SMM news: last week, the dollar bulls burst, breaking through the 98 mark and hitting a two-year high. Although first-quarter GDP data released on Friday were mixed and the dollar fell slightly from its high, it still closed above the 98 mark.
Non-US currencies have tumbled, central banks have put pigeons, Australian inflation data are weak, German business confidence has deteriorated and Brexit fears have weighed on the Australian dollar, the euro and sterling. The Australian dollar and the euro both fell more than 100 points, a more severe decline. Sterling's worst weekly performance in a month, around $1.29, was pressured by the lack of progress in Mrs May's efforts to persuade lawmakers to support its Brexit deal after Easter and the prospect of a resurgence of the Scottish independence movement.
Gold rose more than $10 against the trend last week, closing higher for the first time in two weeks. it was hit near its 200-day moving average at the beginning of the week, but rebounded in the middle of the week to break through $1280 again.
Oil prices fell more than 3 per cent on Friday after US President Donald Trump renewed pressure on Opec to increase its crude oil production to stop it from rising. Analysts said the oil market had experienced its strongest bull market in at least a year, with profit-taking pushing oil prices below the technical stop, which partly exacerbated the decline.
Looking ahead to this week, there will be a pile of big events, with two top central banks on the scene, as well as a pile of big data from the US and Europe. In addition, a number of markets, including Japan, China and parts of Europe, will be closed for the holiday this week. When a bunch of big events and holidays collide, the market is bound to be even more volatile. However, the CFTC report showed that as of April 23, large speculators held as many as 178000 net short positions in VIX futures contracts, and the market appeared to be ill-prepared for possible surprises this week.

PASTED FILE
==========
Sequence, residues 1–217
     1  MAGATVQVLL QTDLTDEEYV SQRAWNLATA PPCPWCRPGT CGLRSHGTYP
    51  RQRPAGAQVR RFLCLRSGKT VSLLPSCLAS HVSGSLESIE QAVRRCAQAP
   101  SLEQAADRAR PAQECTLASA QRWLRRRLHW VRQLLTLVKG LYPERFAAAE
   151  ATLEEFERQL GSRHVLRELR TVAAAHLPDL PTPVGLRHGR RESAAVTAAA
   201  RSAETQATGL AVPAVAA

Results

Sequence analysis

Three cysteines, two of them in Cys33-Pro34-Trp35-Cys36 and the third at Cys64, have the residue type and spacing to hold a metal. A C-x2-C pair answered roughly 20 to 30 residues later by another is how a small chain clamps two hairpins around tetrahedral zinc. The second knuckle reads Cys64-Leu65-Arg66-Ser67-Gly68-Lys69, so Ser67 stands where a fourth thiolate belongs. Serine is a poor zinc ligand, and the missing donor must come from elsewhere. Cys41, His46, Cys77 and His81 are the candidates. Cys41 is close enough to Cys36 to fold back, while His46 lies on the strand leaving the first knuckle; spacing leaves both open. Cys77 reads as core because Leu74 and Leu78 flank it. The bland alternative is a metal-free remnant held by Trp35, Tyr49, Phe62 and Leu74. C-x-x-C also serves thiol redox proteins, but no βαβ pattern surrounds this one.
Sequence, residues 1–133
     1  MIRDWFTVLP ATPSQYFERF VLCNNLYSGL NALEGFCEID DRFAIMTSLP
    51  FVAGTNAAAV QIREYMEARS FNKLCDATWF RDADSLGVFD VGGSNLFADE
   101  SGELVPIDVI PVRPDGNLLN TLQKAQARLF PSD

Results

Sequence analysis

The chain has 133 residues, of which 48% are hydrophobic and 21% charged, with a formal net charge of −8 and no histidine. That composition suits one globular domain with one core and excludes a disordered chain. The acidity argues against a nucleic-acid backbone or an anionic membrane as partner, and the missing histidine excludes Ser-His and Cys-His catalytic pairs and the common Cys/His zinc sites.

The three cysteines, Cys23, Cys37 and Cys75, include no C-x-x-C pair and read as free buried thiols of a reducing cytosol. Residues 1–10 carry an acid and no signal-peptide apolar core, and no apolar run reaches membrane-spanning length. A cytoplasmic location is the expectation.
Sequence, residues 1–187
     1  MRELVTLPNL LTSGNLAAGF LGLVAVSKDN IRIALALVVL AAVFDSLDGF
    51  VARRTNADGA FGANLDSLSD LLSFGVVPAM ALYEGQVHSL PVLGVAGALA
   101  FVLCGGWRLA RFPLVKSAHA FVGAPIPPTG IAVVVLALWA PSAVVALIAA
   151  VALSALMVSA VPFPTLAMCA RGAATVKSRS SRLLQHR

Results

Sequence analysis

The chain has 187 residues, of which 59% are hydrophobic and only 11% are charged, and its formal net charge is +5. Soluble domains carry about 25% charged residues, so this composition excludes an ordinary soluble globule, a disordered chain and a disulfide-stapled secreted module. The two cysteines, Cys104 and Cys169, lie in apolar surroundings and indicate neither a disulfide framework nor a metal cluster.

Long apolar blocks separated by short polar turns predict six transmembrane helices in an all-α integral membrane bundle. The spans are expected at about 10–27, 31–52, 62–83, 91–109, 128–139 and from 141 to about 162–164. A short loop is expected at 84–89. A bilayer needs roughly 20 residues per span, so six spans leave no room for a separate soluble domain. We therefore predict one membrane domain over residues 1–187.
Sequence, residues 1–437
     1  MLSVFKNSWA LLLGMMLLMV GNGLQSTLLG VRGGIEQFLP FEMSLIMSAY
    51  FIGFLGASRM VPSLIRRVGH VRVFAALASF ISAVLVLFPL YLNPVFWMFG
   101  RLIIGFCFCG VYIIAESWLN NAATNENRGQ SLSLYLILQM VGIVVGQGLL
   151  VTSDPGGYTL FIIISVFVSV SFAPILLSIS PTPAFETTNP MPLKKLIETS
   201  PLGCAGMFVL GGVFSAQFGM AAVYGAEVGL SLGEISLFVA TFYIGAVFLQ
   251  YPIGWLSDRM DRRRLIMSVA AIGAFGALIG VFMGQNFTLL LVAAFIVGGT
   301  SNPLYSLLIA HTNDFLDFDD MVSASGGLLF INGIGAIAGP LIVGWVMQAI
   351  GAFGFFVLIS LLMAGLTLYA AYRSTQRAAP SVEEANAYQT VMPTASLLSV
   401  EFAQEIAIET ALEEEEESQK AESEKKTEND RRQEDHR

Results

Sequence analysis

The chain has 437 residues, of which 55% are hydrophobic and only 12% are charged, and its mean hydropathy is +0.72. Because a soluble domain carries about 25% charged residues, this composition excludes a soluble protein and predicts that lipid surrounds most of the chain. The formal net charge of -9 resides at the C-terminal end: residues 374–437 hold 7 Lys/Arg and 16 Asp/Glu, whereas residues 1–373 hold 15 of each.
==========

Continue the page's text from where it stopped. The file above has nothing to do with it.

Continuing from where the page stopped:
[list of events of the week]
1 Monday focused on the US core PCE price index for March, with the initial annual rate of the US core PCE price index for the first quarter released on Friday night at 1.3%, below market expectations of 1.4% and the worst performance since the third quarter of 2017. The market now expects the US core PCE price index to grow at an annualised rate of 1.7 per cent in March from a year earlier, compared with 1.8 per cent. The data is an important reference indicator for the Fed's interest rate decisions and could put the dollar at risk of a pullback if it underperforms.
The Fed will announce the interest rate decision at 2 a.m. on Thursday, and Powell will hold a press conference. At present, the market is widely expected that the Fed will not adjust the level of interest rates, investors should focus on the release of the resolution after the Fed Chairman Powell's speech at a news conference. As US economic data improve, investors should pay attention to whether there are any attitudinal changes in Powell's speech. In addition, in addition to Powell, several other Fed voting committees will also speak this week, including Chicago Fed Chairman Evans, Federal Reserve Vice Chairman Clarida and so on, investors may pay close attention to their speech.
On Thursday night, the Bank of England will also announce an interest rate resolution, as well as inflation forecasts. Foreign media analysis believes that the Bank of England's statement this week may be unexpected "hawk release." Against the backdrop of low unemployment and repeated delays in Brexit, one or two officials are likely to vote for a rise in interest rates this week, raising the pound. Six of the 24 economists surveyed by Bloomberg expect at least one member of the monetary policy committee to call for an immediate tightening of interest rates.
On Friday night, non-agricultural data for April will be released in the United States. At present, the market expects the non-farm payrolls in the United States to increase by 180000 after the April quarter adjustment, down from the previous figure of 196000. If the data deviate too much from expectations, it will cause huge fluctuations in the dollar and gold. In addition, investors should also pay attention to Wednesday's "small non-agriculture", which, as a forward-looking indicator of higher market attention, may provide some guidance for non-agriculture on Friday.